Damaged Hair help
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Find More Posts by AlikaIssa
Join Date: Aug 2010
Monday, April 25, 2011 at 05:36PM
I don't really see any problems with your current routine so I am not sure why you are experiencing this damage.
But here are some suggestions:
I air dry my hair pulled into a puff
Instead of pulling your hair into puff to air dry, it may be a good idea to band your hair in 8-10 sections. The more sections you use the less tension on the hair. Excessive pulling on the hair when it is wet can cause breakage.
I recently got a Tangle Teezer, but I have only used it twice.
Did you notice the splits before or after you used the Tangle Teezer? Some people have reported that they got split ends after using it a few times.
Do you do a pre wash treatment? If not you may want to consider doing one to protect your strands from absorbing too much water.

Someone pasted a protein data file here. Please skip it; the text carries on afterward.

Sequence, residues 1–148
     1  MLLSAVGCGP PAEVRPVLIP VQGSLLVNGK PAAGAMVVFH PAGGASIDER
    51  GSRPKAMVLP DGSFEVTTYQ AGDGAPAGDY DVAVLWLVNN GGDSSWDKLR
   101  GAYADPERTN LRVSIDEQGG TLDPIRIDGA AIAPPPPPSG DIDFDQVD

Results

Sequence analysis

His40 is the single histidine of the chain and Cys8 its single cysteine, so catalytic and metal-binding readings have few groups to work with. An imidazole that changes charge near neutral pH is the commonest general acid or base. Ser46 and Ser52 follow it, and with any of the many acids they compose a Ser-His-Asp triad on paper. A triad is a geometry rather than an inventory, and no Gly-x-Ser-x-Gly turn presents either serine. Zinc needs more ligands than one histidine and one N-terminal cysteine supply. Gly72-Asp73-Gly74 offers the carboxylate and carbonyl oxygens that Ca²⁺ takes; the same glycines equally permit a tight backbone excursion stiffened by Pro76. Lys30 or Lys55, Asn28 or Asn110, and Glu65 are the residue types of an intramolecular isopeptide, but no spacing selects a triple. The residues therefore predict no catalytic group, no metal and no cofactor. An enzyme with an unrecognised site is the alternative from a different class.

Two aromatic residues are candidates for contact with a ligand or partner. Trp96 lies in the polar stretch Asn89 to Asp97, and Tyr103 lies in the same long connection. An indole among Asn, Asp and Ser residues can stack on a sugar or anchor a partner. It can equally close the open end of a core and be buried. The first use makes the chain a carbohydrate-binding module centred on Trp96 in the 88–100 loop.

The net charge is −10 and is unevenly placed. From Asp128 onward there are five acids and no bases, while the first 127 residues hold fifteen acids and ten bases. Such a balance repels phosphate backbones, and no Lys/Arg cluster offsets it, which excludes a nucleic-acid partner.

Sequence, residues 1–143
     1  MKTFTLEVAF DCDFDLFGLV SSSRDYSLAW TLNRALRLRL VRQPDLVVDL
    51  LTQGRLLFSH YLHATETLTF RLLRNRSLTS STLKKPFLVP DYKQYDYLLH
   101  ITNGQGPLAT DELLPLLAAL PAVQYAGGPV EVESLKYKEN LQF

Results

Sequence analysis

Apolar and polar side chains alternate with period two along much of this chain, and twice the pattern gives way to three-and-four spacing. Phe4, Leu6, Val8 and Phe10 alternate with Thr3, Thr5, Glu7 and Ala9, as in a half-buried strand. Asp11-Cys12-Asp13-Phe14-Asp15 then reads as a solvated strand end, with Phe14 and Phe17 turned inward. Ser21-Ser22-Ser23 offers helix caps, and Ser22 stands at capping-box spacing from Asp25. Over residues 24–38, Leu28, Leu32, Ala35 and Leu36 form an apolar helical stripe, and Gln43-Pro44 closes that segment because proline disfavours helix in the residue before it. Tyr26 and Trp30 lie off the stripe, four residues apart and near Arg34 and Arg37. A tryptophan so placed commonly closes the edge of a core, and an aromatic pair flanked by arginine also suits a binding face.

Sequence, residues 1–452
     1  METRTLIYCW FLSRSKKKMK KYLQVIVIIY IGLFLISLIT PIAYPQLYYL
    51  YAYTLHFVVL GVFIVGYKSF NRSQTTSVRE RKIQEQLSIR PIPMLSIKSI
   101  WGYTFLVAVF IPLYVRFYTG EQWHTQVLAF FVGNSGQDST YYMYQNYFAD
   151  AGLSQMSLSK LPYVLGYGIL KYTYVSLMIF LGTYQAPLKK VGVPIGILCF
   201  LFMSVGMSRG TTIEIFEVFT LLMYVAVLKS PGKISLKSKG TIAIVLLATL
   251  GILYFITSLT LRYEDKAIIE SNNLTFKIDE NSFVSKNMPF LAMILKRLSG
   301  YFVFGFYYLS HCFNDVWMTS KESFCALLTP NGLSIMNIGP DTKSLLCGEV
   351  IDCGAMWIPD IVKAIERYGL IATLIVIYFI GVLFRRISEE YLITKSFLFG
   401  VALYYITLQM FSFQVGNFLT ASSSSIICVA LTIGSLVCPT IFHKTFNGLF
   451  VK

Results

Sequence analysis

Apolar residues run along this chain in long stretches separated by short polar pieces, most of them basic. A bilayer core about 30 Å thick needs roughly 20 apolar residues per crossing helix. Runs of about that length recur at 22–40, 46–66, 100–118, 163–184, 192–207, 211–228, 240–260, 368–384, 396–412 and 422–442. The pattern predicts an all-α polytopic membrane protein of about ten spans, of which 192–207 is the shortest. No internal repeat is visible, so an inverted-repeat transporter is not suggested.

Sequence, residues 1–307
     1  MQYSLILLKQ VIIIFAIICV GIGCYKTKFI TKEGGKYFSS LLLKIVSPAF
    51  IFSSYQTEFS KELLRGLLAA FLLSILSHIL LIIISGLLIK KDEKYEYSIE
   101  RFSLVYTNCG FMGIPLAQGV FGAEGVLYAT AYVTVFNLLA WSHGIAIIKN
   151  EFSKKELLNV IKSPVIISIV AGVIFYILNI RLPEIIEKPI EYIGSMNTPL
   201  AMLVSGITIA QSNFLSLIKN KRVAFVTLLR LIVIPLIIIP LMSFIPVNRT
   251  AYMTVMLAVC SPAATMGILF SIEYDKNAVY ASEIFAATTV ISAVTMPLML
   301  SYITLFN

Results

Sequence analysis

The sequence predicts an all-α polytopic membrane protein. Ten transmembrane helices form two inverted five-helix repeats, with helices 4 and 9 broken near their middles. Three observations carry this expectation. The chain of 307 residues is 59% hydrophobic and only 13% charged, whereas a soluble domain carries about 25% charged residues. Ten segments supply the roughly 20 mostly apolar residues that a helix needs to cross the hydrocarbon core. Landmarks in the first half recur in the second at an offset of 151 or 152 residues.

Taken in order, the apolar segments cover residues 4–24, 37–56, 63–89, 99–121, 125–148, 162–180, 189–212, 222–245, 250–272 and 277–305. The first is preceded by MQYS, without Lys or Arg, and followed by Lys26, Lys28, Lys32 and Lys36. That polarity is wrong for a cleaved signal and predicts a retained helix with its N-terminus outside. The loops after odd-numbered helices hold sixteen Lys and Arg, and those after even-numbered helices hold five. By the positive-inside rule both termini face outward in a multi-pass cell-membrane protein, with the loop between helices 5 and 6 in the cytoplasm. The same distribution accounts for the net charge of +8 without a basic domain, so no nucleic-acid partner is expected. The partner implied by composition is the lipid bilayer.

The following article written by Tonya McKay discusses the effect that washing can have on the hair:
I have copied and pasted the relevant section of the article
Normally, when hair is saturated with water during the washing process, it absorbs up to 30% or more of its weight in water. This causes each strand to swell considerably, which can lead to several undesirable effects. Increasing the diameter of the hair shaft causes the outer covering of cuticle scales to lift and separate, which increases tangling and breakage. But, perhaps more subtle, is the damage done over time from many cycles of expansion and contraction.
Hair is a highly complex biomaterial composed of layers of differing materials, ranging from varying types of keratin structures to pigment molecules to fatty acids. When it is saturated with water and swells and then subsequently dries via natural or thermal means, it undergoes what is known as differential drying and differential deformation (because each separate type of molecule within the overall structure dries and deforms at differing rates). This leads to moisture-induced stress on the hair, which can lead to delamination (cuticle layer stripping off), breakage, fiber fatigue, and rupture (split ends). This whole phenomenon is referred to as hygral fatigue. So, anything that reduces hygral fatigue is great for the health of your hair in the long term.